Hannah: Stroke at Age 6, Australia

I never ever thought I would be a mother to a stroke survivor, I didn’t even know children could have strokes until our warrior Hannah fell gravely ill with gastro. On the night of May 2, 2016 Hannah our 6-year-old daughter appeared at my bedside just after midnight to say she had a headache, sore tummy and diarrhea. Within half an hour she was violently ill and this continued for the next 10 hours. Gastro had been making the rounds in our household and at school, so I didn’t think anything of it. Her temperature rose and I administered Panadol, but due to severe vomiting she couldn’t keep any fluids down.

The next morning, I made a bed up on the couch in the front living room for her complete with water, hydrolyte, and a bucket. I covered her up and got her comfy and continued to open all the windows, it was a sunny day in Perth and I wanted to air the house out and get rid of the germs. I then went to lay down as I was still recovering from my bout of sickness the day before. In the meantime, my motherinlaw called to check on us both.

I awoke suddenly at 4:45 pm to the sound of my eldest daughter alerting Nannie (my motherinlaw) that Hannah was shaking her left leg and arm in the air with such force that she fell off the couch to the floor face first. Both my motherinlaw and I raced to the front living room to find Hannah face down. We rolled her onto her left side frantically calling her nameher breathing was shallow, there was a blue tinge around her mouth and lips, her eyes rolled back in her head and she was unresponsive. My motherinlaw lifted her into her arms and ran towards the front door as we tried to decide whether to take her to the doctor or ring for an ambulance.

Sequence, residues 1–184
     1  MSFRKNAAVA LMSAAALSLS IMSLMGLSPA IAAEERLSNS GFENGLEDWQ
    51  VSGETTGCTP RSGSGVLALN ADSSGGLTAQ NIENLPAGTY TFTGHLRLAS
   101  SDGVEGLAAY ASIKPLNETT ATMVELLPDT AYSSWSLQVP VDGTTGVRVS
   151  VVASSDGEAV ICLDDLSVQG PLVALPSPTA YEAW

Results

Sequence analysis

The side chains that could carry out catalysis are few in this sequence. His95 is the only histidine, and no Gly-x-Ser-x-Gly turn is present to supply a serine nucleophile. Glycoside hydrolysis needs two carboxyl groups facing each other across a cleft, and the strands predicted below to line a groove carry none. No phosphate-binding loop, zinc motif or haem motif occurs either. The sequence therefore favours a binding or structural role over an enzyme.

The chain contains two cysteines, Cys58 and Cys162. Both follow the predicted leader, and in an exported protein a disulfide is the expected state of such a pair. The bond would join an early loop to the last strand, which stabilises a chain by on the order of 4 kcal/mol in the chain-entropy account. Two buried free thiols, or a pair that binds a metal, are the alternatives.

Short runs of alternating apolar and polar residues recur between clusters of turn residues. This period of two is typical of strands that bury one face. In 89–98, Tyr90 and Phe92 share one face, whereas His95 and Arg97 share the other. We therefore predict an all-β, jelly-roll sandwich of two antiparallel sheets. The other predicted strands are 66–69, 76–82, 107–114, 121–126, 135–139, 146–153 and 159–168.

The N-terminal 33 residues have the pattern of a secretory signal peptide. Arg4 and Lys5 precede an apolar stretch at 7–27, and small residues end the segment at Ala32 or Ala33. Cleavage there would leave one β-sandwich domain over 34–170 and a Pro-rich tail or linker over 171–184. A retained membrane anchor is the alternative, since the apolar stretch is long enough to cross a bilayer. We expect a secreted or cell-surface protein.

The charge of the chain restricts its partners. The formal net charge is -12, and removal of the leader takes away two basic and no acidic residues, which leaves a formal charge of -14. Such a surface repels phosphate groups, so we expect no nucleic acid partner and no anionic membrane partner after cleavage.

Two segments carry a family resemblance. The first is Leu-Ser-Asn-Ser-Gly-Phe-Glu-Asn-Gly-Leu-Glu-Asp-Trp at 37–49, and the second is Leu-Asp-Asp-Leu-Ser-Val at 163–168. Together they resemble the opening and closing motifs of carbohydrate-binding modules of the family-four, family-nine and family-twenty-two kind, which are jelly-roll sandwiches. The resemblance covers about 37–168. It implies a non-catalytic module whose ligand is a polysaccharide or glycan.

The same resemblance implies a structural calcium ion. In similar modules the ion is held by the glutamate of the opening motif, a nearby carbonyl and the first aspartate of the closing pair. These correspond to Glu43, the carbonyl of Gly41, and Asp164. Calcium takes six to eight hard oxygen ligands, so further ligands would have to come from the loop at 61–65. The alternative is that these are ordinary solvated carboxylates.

My mother in law rang triple 0 and I put my other children to bed. I was worried about them witnessing the treatment Hannah would receive from the paramedics. The ambulance arrived swiftly and asked for background information on Hannah, did her vitals and offered her glucose. As Hannah and my motherinlaw settled in the back of the ambulance I blew her a kiss, I still thought she was just severely dehydrated from gastro. I then notified my husband of the situation who was away at work.

A few hours later, I received a call from the emergency room doctor. He told me that Hannah was unresponsive, having continuous seizures, she had been placed on a ventilator and they were preparing her to be transferred to Princess Margaret Children’s Hospital. He advised that he couldn’t make a diagnosis at this stage, but that she was extremely sick. I was shocked by his concern thinking she may have just had severe gastro and asked if they were sure they had the right child. I then spoke to my motherinlaw who confirmed it was definitely Hannah. The doctor advised me to contact my husband and have him and any other close family members make their way to PMH to see her and say their goodbyes.

I rang my husband and tried to convey the message the doctor had given me as calmly as I could and told him he needed to get home ASAP.

When I saw Hannah, I could not get over how tiny and frail she looked on the huge hospital bed. She had a ventilator, cannulas, tubes and wires everywhere, and was seizing down the left side of her body, and her complexion was grey. I was afraid to touch her in case I accidentally pulled out a tube, I told her Mummy was here and that she was strong, and that I didn’t know what was wrong but that she was in a safe place and to fight as hard as she could. I told her Mummy & Daddy both loved her very much.